The SBA 7(a) loan program

Many lending experts consider low-cost SBA 7(a) loans the best option for small businesses, including grocery stores. Their low rates, low monthly payments, and long terms make them ideal for your needs. You can use your SBA 7(a) loans toward:

  • Working Capital Working capital is perhaps the best indicator of your grocery store’s financial wellbeing. You can determine it by subtracting your current liabilities from your current assets or counting how much cash your grocery store has on hand.
    If you find that you have negative working capital, then you should grow your assets. You can do so by purchasing new equipment and hiring more employees. SBA 7(a) loans can be put toward all working capital purchases.
  • Debt Consolidation – Through SBA 7(a) debt consolidation loans, you can refinance your current merchant cash advances, high-interest business loans, daily or weekly payment loans, or short-term business loans.
  • Commercial Real Estate – If you plan to open a second location for your grocery brand, you can use your SBA 7(a) loan to cover your expenses. SBA 7(a) loans can go toward refinancing your current commercial real estate mortgages or buying new owner-occupied commercial real estate.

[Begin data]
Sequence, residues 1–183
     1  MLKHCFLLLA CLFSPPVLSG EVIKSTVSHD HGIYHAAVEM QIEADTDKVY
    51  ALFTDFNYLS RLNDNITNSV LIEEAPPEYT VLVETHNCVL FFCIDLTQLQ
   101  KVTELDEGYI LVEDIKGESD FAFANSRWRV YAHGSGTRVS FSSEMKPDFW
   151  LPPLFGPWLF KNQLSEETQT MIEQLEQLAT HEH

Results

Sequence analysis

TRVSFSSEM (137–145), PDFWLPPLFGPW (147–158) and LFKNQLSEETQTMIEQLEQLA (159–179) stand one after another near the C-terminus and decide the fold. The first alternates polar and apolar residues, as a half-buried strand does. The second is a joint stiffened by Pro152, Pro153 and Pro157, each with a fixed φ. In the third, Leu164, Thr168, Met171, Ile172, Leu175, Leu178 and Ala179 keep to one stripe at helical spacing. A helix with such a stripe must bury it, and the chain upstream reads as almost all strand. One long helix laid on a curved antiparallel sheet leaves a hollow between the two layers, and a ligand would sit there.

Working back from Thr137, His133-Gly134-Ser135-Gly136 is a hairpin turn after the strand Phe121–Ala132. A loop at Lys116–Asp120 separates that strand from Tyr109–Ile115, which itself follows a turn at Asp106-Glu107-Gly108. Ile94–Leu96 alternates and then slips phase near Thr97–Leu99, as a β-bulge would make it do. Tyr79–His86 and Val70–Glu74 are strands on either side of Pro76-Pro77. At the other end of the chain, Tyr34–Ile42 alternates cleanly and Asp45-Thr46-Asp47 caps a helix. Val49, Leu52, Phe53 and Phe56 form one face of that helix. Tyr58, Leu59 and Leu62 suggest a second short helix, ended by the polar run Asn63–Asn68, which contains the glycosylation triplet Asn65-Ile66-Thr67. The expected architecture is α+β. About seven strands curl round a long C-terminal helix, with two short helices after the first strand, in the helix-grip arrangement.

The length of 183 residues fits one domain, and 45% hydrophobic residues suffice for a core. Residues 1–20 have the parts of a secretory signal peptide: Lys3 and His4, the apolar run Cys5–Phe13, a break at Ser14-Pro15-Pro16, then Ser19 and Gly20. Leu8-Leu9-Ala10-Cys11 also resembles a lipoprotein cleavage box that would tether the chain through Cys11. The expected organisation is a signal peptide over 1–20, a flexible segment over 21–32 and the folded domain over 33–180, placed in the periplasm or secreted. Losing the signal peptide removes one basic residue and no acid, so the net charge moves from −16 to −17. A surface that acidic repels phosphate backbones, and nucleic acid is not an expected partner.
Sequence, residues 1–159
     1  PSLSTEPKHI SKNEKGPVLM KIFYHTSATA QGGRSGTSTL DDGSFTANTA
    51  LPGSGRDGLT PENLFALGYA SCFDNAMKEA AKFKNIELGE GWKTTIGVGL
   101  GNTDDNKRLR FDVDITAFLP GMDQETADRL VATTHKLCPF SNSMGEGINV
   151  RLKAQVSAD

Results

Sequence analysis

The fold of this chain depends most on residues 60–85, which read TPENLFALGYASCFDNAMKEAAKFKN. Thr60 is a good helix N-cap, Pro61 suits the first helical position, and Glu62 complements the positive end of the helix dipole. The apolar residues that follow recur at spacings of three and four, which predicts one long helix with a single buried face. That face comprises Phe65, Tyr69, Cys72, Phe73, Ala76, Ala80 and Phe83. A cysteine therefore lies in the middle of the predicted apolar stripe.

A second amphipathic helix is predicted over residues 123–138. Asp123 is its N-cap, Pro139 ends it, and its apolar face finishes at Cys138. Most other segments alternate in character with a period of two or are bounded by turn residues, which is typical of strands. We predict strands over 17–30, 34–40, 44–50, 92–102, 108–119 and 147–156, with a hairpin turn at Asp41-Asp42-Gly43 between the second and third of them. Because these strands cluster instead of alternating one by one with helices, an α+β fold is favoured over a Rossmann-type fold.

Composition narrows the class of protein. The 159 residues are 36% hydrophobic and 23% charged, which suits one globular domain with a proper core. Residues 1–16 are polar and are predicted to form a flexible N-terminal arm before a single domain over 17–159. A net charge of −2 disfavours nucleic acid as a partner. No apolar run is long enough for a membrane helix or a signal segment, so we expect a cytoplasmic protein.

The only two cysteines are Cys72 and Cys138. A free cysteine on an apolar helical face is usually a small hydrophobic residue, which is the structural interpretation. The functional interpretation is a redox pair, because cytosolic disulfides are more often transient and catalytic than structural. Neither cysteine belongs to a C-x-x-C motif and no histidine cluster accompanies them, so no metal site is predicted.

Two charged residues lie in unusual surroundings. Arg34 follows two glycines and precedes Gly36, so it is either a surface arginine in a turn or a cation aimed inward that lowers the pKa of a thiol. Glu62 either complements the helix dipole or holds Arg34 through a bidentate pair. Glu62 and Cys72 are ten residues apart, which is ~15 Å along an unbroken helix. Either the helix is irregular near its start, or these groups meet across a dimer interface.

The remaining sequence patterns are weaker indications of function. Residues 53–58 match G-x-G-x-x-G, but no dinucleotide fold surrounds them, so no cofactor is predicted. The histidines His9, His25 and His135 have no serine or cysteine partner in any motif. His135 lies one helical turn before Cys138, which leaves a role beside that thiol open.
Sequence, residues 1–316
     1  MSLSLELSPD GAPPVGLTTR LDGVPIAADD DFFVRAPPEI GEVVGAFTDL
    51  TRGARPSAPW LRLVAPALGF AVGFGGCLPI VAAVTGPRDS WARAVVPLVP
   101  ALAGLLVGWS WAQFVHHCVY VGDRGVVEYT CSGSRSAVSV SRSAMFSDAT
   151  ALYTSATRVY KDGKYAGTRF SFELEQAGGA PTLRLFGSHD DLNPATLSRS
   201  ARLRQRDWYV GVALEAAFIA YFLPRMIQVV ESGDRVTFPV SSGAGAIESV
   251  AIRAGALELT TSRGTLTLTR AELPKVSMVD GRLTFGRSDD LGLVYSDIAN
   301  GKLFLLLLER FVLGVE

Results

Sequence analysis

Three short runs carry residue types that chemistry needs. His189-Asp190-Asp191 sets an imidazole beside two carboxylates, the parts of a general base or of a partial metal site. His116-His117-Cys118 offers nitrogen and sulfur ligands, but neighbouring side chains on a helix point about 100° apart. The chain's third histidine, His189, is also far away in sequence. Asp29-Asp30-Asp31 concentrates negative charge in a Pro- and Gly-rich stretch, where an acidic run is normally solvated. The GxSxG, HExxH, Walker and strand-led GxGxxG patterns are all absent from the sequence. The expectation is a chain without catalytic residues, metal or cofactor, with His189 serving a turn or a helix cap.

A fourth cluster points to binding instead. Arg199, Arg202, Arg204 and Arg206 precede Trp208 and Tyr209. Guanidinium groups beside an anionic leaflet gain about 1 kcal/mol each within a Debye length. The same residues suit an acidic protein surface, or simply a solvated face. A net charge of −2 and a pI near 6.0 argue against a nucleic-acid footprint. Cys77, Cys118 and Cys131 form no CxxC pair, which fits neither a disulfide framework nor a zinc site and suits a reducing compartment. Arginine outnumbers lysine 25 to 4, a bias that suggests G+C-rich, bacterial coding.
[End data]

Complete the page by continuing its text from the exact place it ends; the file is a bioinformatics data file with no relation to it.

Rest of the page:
Advantages of SBA 7(a) loans for grocery stores

SBA 7(a) loans are widely viewed as the “gold standard.” That’s in part due to their wide use of funds and lack of prepayment penalties. Other reasons include their:

  • 10-year terms (25 years for commercial real estate loans)
  • Low rates
  • Affordable monthly payments
  • Availability in all 50 states

Requirements for grocery stores to apply for SBA 7(a) loans

You and your grocery store must meet all of the following requirements to qualify for SBA 7(a) loans:

  • Your grocery store must be based in the U.S.
  • You must be a U.S. citizen or lawful permanent resident
  • Your personal credit score must be above 650
  • You must be at least 21 years old